Based on LDL-C-lowering’s clinical benefits demonstrated in other studies, the researchers calculated that the LDL-C increase of 10.47 mg/dL from coconut oil could translate to a 6% increase in the risk of major vascular events and a 5.4% increase in the risk of coronary heart disease mortality.
Some people believe that unrefined coconut oil’s polyphenols improve inflammation and glucose homeostasis. But the researchers weren’t able to assess this because most of the trials didn’t report the type of coconut oil used.
What About That HDL-C Improvement?
It may not mean much. According to the authors, the idea that HDL-C lowers coronary heart disease risk increasingly is being questioned. A 2014 meta-analysis of clinical trials published in the BMJ struck a blow to the theory. In that study, which involved more than 100 000 patients, medications like niacin and fibrates that increase HDL-C didn’t cut the risk of coronary heart disease mortality, heart attack, or stroke. Mendelian randomization studies have sent the same message. People whose genes predisposed them to higher HDL-C levels didn’t have a lower heart attack risk in a 2012 study in The Lancet.
In an email, Northwestern Medicine cardiologist and JAMA Senior Editor Philip Greenland, MD, said he agreed with the authors: “This has been very puzzling about HDL for many years, but it is reaffirmed again and again. Efforts to raise HDL in a variety of ways have not led to beneficial clinical improvement.”
Let’s Not Forget Lauric Acid
The authors also addressed possible misconceptions about lauric acid, a saturated fatty acid that makes up about half of coconut oil’s fatty acid content. Some proponents of the oil’s widespread use argue that because lauric acid is a medium-chain fatty acid (MCFA), it doesn’t affect LDL-C levels the same way that long-chain saturated fatty acids, like those in animal fats, do. Greenland explained: “MCFA are absorbed by the portal vein, thereby bypassing the liver, and therefore might be more heavily utilized for energy production rather than getting into the liver and affecting cholesterol synthesis.”
According to the authors, however, there’s evidence that lauric acid “may not biologically act like other MCFA.” Despite its classification as an MCFA, it’s absorbed in the gut and goes into the liver, where it’s incorporated into lipoprotein particles. “This handling of lauric acid is more similar to how long-chain saturated fatty acids are handled than MCFA,” Greenland said.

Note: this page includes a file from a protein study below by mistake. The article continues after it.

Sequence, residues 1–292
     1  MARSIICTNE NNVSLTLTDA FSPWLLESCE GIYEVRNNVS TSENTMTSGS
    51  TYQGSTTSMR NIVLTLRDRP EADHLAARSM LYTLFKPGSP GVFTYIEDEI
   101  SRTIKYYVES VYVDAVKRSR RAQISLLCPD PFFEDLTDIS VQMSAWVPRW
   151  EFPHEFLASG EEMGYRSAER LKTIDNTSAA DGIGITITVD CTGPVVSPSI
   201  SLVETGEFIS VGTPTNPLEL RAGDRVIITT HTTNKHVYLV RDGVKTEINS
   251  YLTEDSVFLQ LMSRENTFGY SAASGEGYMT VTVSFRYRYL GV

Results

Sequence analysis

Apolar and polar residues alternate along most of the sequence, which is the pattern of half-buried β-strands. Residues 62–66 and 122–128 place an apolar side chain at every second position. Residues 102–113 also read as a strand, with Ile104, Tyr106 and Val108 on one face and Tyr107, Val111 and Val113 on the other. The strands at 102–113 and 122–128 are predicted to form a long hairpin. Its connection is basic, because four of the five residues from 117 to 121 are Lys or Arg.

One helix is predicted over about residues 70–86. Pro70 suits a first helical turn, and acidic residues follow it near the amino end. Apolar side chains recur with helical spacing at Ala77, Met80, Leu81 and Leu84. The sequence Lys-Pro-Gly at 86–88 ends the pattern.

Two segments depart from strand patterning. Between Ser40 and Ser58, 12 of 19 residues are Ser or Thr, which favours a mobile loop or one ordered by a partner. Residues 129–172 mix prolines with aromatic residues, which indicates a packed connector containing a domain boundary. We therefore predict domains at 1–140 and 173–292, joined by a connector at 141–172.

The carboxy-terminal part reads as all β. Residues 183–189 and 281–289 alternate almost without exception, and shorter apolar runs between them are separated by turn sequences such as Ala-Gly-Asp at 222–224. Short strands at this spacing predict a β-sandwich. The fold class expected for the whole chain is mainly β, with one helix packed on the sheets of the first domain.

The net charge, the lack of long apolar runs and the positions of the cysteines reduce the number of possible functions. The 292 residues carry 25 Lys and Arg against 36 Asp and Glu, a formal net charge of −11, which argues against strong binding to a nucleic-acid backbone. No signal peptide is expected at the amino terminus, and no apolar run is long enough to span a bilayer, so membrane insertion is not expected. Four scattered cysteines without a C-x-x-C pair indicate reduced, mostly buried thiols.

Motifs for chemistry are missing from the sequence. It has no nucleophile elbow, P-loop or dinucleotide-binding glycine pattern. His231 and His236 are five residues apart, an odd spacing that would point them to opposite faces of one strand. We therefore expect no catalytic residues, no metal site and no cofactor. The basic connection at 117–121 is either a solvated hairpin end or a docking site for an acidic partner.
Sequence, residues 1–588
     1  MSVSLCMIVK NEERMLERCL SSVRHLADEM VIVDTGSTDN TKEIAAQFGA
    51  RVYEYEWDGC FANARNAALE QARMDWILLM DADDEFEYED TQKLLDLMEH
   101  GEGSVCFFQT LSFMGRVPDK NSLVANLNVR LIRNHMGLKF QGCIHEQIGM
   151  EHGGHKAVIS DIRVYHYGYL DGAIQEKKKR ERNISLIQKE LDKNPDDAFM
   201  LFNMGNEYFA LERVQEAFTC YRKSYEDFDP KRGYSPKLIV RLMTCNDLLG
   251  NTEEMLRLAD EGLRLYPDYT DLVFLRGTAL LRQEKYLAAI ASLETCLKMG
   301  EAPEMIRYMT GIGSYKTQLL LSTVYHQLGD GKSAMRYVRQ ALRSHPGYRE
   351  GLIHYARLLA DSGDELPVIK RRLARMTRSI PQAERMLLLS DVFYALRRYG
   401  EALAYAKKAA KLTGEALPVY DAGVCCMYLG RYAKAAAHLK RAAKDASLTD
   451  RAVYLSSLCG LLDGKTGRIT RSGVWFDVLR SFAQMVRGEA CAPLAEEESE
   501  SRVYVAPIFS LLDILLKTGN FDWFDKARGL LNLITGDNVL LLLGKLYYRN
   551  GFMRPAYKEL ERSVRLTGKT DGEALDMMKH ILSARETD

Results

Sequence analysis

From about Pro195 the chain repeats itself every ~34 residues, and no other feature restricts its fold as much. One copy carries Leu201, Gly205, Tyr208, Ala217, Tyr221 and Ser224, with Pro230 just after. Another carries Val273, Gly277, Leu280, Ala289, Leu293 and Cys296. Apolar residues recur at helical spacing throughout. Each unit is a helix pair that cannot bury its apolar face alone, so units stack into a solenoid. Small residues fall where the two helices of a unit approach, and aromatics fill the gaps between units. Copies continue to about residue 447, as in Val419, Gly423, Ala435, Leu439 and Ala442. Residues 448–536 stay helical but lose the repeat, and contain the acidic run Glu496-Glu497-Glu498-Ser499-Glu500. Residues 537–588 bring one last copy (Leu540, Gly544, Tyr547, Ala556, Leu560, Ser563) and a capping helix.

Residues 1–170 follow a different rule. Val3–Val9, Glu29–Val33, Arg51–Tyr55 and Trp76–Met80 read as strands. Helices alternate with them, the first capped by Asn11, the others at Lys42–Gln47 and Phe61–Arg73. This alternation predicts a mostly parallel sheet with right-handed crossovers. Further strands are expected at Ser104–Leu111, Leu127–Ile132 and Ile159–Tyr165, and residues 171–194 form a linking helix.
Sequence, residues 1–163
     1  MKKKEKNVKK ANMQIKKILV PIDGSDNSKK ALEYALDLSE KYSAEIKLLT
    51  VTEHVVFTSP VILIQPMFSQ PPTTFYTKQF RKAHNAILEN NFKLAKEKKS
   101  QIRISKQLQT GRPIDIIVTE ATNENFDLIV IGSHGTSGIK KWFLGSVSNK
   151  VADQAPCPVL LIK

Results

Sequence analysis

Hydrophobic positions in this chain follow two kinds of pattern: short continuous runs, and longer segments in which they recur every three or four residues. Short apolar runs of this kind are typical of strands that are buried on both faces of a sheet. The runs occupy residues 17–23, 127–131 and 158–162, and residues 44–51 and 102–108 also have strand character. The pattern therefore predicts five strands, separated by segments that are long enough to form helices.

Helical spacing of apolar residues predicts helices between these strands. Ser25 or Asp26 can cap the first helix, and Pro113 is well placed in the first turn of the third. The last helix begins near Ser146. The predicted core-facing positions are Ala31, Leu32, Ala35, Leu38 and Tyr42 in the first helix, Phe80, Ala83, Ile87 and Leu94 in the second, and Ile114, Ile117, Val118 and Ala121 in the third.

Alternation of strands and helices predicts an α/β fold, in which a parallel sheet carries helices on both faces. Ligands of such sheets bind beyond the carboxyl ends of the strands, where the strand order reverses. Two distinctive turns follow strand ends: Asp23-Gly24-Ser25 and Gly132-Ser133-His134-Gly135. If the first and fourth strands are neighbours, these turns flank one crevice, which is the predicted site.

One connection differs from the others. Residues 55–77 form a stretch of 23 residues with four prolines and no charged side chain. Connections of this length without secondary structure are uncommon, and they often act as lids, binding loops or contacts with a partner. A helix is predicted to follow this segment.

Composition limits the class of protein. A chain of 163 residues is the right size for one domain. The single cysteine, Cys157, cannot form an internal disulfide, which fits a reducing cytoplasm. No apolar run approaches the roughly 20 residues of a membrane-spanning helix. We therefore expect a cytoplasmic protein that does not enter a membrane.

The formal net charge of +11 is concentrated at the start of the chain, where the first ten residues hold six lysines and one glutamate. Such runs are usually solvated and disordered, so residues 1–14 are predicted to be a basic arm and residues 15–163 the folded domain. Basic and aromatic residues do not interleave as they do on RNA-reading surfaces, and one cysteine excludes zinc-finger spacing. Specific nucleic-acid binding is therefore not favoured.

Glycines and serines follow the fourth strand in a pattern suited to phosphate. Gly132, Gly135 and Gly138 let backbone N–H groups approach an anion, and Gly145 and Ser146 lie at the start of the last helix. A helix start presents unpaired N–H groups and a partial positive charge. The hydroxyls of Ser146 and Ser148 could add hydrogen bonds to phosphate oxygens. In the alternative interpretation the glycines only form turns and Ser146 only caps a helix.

The review also noted that the long-chain saturated fatty acids myristic acid and palmitic acid comprise 25% of coconut fat.
Tropical Diets Are Different
The authors also discussed another common argument: certain indigenous populations have low heart disease rates despite plentiful coconut consumption. Researchers have pointed out that these groups have different eating patterns than the average Western diet, with more heart-healthy fish and less processed food. Plus, these traditional diets feature raw coconut flesh or pressed coconut cream, which are lower in saturated fat than coconut oil.
The Bottom Line
From the authors: “Despite the rising popularity of coconut oil because of its purported health benefits, our results raise concerns about high coconut oil consumption. Coconut oil should not be viewed as healthy oil for cardiovascular disease risk reduction and limiting coconut oil consumption because of its high saturated fat content is warranted.”
From Greenland: “In the lipid world, this issue has been thought to be settled a long time ago. It is reassuring to see that even as more data accumulated, the overall message really remains unchanged. Coconut oil offers no proven health benefits compared to other cooking oils and seems detrimental on important blood lipids. As such, the prudent approach would be to avoid it in comparison to other cooking oils that do not have these effects.”
This content was originally published here.